The United States Supreme Court in Graham v. Florida ruled that life without parole sentences for juveniles convicted of non-homicide crimes are cruel and unusual, and therefore unconstitutional, and required that convicted juveniles must have a meaningful opportunity for release. Miller v. Alabama followed, and the Court ruled that mandatory life without parole sentences for juveniles convicted of any crime violated the Eighth Amendment. Florida eventually responded in 2014 with House Bill 7035, which provides that juveniles convicted of a capital felony can only be sentenced to life without parole following a sentencing hearing, provides minimum sentences and factors judges should consider in sentencing, and allows for a sentencing review for convicted juveniles after fifteen to twenty-five years, but does not apply retroactively.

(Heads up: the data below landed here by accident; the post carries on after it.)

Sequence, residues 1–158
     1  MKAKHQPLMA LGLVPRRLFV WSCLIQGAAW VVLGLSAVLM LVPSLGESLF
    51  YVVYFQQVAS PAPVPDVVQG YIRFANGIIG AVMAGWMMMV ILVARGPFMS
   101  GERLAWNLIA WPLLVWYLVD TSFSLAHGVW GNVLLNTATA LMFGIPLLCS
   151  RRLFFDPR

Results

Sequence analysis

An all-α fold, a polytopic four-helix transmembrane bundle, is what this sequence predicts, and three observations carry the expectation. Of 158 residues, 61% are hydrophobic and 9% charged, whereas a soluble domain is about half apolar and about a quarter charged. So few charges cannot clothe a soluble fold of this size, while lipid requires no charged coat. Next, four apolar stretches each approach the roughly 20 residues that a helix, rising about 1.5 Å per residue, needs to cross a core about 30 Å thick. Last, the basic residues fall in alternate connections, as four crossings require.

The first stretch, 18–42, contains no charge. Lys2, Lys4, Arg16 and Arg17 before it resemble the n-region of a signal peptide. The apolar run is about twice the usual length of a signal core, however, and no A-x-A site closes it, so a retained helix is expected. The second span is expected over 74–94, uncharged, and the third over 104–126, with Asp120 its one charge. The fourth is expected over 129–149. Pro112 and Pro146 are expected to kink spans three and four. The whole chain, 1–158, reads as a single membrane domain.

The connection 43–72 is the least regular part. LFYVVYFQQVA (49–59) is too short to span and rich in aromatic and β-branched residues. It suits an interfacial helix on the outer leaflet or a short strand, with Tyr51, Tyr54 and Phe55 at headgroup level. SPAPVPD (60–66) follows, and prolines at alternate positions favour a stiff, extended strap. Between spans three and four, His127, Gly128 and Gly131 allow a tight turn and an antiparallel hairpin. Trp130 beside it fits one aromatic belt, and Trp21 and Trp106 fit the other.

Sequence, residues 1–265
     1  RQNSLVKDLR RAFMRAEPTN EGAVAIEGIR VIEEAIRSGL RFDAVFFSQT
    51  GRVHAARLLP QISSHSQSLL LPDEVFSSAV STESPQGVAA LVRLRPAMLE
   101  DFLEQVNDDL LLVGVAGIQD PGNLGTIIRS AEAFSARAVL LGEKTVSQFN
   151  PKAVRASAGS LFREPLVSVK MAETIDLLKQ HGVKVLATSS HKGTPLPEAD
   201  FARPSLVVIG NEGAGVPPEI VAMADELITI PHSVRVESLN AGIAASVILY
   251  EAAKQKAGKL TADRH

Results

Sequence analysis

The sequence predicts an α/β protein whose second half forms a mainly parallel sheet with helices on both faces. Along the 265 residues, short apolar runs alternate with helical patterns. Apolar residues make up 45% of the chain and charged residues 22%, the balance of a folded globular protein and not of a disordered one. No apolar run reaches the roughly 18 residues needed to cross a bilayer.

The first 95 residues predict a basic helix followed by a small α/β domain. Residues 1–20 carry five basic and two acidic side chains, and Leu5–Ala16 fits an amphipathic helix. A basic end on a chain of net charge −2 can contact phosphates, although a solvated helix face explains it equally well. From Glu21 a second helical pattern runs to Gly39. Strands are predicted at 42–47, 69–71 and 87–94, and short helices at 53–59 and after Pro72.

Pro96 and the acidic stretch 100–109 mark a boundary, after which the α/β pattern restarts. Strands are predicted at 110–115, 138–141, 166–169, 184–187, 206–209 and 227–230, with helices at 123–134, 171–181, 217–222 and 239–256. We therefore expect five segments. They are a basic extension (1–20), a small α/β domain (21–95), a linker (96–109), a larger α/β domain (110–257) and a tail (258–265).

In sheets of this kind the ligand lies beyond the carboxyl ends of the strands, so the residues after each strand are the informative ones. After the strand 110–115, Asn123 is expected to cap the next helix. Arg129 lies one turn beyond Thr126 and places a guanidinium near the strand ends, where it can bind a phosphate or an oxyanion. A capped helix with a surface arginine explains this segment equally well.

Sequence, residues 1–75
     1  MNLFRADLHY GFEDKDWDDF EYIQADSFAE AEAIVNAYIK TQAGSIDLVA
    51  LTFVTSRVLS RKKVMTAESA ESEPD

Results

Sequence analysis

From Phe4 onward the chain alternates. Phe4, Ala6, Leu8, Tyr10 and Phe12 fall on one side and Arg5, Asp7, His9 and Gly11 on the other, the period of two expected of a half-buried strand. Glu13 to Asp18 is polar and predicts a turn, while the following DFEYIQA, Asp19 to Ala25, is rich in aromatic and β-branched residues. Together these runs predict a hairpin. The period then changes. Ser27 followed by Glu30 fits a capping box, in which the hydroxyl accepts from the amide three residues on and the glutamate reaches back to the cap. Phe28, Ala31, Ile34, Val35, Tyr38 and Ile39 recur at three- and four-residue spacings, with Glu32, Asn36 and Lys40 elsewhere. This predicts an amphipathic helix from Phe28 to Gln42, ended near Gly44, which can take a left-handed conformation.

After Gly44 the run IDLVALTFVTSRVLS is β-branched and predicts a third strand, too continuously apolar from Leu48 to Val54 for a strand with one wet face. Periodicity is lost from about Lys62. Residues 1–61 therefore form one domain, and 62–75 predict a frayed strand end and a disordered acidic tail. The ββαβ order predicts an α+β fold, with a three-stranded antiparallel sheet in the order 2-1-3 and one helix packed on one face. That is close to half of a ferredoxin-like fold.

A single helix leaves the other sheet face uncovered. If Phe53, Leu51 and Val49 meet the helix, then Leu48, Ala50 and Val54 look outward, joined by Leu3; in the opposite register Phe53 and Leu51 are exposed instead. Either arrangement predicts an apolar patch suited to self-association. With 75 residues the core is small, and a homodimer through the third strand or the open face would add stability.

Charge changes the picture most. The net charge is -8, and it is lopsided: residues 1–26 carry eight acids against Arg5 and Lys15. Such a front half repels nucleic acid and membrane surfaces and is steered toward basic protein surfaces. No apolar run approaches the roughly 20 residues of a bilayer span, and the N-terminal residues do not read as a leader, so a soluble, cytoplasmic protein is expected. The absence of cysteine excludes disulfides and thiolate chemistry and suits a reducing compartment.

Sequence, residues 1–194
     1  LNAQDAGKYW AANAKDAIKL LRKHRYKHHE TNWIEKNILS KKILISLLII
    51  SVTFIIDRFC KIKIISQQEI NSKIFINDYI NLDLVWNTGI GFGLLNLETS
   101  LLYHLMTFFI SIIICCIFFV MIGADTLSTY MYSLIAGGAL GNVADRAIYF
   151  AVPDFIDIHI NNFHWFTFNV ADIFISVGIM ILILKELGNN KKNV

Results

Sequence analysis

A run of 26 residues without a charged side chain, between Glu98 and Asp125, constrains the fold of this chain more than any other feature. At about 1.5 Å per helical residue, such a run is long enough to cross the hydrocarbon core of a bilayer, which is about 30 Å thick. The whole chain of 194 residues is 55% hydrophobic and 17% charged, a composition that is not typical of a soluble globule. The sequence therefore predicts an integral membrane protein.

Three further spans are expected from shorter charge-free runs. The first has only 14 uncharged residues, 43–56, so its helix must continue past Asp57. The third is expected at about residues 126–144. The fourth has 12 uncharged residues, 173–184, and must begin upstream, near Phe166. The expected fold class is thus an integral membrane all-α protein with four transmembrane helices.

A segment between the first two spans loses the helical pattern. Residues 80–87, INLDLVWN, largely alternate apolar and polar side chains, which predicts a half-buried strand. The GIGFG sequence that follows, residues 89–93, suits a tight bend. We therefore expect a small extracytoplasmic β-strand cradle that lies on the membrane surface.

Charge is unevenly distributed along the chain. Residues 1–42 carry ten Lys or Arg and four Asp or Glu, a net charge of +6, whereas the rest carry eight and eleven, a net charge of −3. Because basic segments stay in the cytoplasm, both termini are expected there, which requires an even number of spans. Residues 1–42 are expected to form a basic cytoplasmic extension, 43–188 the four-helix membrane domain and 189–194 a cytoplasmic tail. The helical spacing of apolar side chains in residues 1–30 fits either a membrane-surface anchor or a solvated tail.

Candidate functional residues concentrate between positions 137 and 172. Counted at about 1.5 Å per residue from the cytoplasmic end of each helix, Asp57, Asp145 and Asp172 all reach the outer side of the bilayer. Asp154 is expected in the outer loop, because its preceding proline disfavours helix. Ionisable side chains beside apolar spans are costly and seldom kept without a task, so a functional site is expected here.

This Article discusses the effect of Miller and Graham on the states, particularly Florida, and the failure of House Bill 7035 to grasp the spirit of the Court’s decisions. The Article begins by discussing the history of juvenile sentencing and the evolvement of the Supreme Court’s interpretation of the Eighth Amendment, which eventually lead the Supreme Court to recognize that juvenile offenders should be treated differently than adults. The Article next discusses Graham and Miller, the states’ interpretations of these decisions, and the failure of House Bill 7035, while in technical compliance with the decisions, to comport with the spirit of the decisions. Contrary to the intent of Graham and Miller, the new law severely restricts judicial discretion in determining sentences because regardless of the factors a judge considers for each individual offender, he or she must still impose a harsh minimum sentence, in some cases forty years. In addition, the sentencing review does not provide meaningful opportunity for release and the law does not distinguish between younger and older youths. The Author then discusses other states’ laws that have better responded to Graham and Miller and suggests that Florida could better comply by permitting more judicial discretion and opportunities for sentence review, and applying the law retroactively. The Author also urges that all juvenile mandatory and life without parole sentences be abolished. The Author concludes by suggesting that Florida take further steps to protect juvenile offenders and ban young children from being tried as adults, and predicts that the Court’s philosophy that children are different will continue to develop and House Bill 7035 will eventually be held unconstitutional.